While many businesses and organizations have made the effort to go green, many state and local government offices have been leading that charge. Efforts, such as moving into Leadership in Energy and Environmental Design (LEED) certified offices and conservation campaigns, have provided important steps on this path and helped government entities reduce waste and go green.
According to Government Technology, many more government bodies are adopting paperless office initiatives as part of this process. Adopting the cloud, tablets and other new technology can help a business reduce power consumption, but the amount of paper generated in most offices is a major resource that can be reduced to help save the environment.
"It’s just amazing how much paper government agencies use," said Tom Spengler, CEO of Granicus, a cloud company that recently saw 70 various government entities pledge to be part of its Go Green Project and go paperless.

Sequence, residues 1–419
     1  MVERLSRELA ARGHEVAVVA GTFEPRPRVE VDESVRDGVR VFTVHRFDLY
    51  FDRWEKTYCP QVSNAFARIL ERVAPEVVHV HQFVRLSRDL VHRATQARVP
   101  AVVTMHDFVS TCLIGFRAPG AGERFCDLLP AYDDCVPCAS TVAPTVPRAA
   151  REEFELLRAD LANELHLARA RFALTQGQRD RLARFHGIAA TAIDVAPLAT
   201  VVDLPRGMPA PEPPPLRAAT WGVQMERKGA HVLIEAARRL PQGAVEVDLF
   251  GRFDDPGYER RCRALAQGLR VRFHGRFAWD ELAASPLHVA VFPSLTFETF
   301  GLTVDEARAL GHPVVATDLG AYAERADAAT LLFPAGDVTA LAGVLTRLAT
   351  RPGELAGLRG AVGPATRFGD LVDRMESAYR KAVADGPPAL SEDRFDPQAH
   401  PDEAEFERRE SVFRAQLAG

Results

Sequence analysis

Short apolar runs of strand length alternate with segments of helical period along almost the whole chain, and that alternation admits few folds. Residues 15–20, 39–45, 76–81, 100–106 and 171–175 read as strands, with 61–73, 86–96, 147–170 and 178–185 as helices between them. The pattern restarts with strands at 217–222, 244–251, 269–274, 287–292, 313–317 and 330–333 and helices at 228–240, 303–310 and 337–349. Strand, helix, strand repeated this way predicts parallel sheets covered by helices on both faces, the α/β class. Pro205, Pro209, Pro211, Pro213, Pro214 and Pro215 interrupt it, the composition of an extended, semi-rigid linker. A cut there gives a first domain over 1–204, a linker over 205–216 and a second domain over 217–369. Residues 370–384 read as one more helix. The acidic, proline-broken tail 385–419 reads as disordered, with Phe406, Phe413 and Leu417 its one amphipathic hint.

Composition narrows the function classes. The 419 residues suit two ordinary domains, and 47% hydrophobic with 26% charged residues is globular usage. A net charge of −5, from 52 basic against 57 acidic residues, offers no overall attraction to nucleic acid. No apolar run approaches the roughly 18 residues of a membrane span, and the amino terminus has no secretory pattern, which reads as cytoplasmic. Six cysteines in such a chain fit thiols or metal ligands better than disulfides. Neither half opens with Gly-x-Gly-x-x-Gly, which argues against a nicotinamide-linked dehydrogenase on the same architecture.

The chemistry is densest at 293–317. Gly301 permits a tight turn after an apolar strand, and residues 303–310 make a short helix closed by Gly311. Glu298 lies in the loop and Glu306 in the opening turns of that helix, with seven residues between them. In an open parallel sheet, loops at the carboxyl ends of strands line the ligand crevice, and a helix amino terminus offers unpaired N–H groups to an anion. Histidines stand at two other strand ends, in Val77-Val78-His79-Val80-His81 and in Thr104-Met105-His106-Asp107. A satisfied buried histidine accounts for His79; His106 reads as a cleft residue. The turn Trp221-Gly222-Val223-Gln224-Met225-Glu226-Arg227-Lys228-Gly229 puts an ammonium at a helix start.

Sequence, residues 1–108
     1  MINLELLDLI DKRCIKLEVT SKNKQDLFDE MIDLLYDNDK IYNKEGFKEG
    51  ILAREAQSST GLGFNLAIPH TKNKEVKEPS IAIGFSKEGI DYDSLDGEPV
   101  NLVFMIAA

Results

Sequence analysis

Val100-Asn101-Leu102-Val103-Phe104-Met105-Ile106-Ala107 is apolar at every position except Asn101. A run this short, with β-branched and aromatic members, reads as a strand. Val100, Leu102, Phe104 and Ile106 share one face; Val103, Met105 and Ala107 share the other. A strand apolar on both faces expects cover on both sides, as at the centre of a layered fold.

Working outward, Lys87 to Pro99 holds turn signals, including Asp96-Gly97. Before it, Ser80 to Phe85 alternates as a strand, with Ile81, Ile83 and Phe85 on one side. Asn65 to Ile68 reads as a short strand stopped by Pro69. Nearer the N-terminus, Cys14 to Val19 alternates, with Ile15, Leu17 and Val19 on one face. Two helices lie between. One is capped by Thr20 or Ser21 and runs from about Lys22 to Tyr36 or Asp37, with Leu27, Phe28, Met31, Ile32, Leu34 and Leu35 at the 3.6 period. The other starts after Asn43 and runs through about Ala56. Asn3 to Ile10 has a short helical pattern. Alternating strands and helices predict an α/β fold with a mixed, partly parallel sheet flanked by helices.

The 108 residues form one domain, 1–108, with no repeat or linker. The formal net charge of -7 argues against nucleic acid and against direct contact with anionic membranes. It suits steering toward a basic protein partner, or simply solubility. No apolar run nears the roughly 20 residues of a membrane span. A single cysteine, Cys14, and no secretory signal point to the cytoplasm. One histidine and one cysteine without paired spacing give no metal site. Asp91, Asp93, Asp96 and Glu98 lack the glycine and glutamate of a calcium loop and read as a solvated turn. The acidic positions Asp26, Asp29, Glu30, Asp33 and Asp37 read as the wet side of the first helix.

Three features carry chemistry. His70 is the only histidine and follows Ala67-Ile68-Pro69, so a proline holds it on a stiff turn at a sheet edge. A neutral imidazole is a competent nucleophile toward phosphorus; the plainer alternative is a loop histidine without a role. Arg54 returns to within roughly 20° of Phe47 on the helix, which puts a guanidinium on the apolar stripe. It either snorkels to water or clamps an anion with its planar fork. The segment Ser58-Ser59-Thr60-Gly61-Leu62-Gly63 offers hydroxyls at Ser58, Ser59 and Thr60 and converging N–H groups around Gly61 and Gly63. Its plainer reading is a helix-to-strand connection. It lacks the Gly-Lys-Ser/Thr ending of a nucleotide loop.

One step in the process of going paperless is providing access to older paperwork as well. By adopting non-paper resources but not investing in document conversion service for older records, an organization is only going halfway. Converting all office paperwork to the same system improves overall information management, as well as access to the information for employees.
According to the news source, many offices are uploading meeting notes and packets to iPads, instead of printing them, as well as adopting web and other resources to disseminate information. Multnomah County, Oregon, recently saw savings up to $40,000 a year after switching to a paperless system.
In addition to saving an organization money, and helping with energy and environmental efforts, going paperless can help improve business processes, making workflow more efficient and ultimately increasing overall productivity in the office.